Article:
Dreams are not just relegated to the night. They live with us during waking life too. Sometimes a dream I hadn’t remembered when I woke up in the morning will pop into my mind while I’m staring out the window in reverie or driving to work. Sometimes someone will say something that triggers a memory of a dream. Other times a piece of music will bring the dream back. It’s like the dream is dropping hints, saying, “Don’t forget me.”
I like to play with this relationship and let my dreams know I am listening. One way to do this is to intentionally bring the energy of the dream into the physical world. There are many ways to go about this, the most obvious being sharing a dream with a trusted friend. But I like to take it even further and add creativity to the mix.
I have been known to draw my dreams and act them out in dream theatre. I am also a huge fan of creating dream collages. I particularly like collage because putting the elements together into one piece often brings clarity to the dream and heightens its energy. It also works well for me because it removes my Perfectionist and my Inner Critic from the equation: they can’t tell me the nose is too big on my dream tiger or chide me for messing up the perspective on my dream bridge. Plus, it gives me chills to see the dream in vivid, colorful detail right in front of me.
I find that the best magazines for dream collage are National Geographic, Audubon, Outdoor Photographer and Smithsonian…basically any magazine with stunning images will work. But of course, anything you have on hand can work too.
This is a collage (above) I created a few years ago that combined elements of several dreams. Owl became my totem animal after she appeared repeatedly in dreams and waking life, and I wanted to create a piece to honor her that would adorn my altar. Included in the collage are a great gray and a snowy owl. Both are native to my ancestral lands of Norway and Sweden and I included images of those lands in the collage as well. There is a lot of ancestral energy in these recurring dreams and looking at this piece reminds me of this.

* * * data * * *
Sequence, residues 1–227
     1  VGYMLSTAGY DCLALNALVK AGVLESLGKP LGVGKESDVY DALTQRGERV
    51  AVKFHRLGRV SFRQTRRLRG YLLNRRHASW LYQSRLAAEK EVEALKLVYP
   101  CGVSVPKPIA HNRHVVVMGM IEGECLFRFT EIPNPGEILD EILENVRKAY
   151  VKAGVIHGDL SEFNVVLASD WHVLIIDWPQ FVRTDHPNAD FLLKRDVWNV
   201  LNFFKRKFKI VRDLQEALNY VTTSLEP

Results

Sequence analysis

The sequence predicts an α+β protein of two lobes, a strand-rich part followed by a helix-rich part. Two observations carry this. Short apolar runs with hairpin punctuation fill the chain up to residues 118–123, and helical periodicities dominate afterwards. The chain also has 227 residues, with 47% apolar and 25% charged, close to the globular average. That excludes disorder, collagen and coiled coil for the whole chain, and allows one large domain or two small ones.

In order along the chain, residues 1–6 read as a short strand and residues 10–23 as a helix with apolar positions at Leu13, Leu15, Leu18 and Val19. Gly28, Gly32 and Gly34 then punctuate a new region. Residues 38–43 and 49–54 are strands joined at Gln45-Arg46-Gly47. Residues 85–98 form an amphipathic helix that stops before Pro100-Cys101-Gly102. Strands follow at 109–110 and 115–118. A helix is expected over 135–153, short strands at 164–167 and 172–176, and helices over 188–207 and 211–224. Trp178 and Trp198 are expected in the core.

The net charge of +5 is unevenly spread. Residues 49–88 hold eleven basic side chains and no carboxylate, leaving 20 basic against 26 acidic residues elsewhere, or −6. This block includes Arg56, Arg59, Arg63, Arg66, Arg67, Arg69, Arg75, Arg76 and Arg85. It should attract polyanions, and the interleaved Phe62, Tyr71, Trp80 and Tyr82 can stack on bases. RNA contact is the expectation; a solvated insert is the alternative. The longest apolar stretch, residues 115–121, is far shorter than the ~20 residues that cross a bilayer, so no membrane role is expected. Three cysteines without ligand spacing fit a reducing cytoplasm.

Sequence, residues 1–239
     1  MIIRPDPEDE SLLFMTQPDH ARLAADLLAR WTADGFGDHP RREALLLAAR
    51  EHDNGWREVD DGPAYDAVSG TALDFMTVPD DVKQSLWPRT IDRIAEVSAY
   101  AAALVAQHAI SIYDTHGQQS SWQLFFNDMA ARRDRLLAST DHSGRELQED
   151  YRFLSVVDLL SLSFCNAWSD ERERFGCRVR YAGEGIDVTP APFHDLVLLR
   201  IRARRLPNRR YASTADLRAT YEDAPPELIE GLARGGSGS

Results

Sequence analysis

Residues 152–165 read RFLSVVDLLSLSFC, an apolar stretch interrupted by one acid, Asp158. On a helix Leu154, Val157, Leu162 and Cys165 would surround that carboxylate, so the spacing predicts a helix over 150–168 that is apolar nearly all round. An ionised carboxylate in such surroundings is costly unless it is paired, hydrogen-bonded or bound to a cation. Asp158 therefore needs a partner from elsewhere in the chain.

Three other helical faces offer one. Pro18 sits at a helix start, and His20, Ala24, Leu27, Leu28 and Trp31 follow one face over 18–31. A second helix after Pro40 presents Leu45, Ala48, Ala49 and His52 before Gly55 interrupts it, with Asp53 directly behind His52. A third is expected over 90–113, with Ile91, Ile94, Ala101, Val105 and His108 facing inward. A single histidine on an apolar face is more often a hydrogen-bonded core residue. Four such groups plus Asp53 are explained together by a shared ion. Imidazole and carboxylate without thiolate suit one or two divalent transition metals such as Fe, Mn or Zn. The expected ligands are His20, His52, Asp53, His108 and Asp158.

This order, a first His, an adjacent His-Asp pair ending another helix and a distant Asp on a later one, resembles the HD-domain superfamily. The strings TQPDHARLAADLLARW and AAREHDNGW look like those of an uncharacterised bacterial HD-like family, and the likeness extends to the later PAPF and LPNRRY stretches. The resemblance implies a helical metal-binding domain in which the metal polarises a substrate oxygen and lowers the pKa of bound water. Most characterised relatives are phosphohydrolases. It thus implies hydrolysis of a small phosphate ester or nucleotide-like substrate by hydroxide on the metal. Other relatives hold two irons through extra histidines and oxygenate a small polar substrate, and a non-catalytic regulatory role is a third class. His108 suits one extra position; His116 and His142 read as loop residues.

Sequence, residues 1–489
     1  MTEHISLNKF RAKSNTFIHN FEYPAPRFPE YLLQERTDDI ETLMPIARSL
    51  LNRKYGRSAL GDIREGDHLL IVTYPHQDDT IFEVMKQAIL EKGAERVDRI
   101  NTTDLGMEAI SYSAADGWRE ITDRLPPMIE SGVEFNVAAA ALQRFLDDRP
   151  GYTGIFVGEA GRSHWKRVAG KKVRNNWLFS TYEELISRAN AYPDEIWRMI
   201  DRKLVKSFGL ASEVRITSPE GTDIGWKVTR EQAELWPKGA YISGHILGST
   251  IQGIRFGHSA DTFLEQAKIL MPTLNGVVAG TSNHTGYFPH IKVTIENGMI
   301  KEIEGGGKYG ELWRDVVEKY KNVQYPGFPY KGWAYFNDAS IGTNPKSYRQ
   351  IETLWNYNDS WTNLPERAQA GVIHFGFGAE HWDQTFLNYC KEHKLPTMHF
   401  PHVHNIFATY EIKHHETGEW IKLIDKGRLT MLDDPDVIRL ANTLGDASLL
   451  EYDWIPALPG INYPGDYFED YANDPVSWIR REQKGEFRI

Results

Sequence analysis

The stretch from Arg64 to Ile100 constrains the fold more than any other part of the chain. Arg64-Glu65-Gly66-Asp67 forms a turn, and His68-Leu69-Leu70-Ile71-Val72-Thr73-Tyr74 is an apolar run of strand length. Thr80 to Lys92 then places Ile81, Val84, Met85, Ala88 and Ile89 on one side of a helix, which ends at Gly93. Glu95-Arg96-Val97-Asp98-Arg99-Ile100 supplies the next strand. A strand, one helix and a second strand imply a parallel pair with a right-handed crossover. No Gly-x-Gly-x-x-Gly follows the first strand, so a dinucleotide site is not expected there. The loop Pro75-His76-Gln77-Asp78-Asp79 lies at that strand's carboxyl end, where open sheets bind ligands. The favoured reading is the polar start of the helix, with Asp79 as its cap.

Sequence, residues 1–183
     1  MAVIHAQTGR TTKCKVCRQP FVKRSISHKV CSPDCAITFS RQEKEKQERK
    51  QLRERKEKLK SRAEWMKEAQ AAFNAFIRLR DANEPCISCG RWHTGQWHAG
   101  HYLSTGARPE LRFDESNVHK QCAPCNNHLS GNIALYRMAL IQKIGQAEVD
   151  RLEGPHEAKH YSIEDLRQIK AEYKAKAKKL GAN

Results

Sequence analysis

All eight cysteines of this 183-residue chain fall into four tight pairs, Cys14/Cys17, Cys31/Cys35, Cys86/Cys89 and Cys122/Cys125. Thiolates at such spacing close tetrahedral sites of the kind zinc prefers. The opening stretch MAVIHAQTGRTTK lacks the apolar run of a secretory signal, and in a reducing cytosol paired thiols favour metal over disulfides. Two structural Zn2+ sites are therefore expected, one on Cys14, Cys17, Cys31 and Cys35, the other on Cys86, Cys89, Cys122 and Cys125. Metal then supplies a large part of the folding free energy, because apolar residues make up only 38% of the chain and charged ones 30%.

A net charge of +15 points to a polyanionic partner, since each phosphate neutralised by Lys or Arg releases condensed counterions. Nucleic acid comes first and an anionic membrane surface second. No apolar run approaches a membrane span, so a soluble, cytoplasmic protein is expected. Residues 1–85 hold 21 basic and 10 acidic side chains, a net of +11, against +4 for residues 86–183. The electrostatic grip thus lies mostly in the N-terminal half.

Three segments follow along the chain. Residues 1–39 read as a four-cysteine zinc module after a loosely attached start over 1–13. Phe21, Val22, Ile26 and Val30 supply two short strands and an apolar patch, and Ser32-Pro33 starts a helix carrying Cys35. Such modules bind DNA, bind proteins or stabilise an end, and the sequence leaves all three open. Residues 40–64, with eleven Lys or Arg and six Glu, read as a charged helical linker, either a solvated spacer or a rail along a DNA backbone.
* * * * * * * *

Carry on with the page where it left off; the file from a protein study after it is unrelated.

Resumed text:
I’ve also created three-dimensional art pieces from dreams. My favorites are my snowy owl cloak and nest. I found a pattern online and fired up the sewing machine. I am by no means a seamstress, but I managed to sew the hood onto the main cloak piece. Then I spent hours sewing picture jasper beads onto the back to mimic the brown spots found on juvenile snowy owls. The final flourish was a button and a ribbon clasp.
The idea for the nest came during a shamanic drumming journey during which I reconnected with snowy owl. She gave me this object during the journey and I wanted to honor the gift by creating a physical version. I gathered twigs and branches from local trees and tied them together with natural materials. I stuffed the nest with moss and lichen and included objects specific to dreams I had around that time as well as objects I saw within the nest during the journey.
When I donned the cape and held the nest in my arms, I felt transformed. I was imbued with the energy of Owl: her grace, wisdom, stealth, and cunning. This is what it means to bring the dream into waking life.
Working with art in this way creates a space for your dreams in waking life. It sends a clear message that you honor and respect your dreams and that you are willing to listen to their messages. And it lets your dreams know you haven’t forgotten them.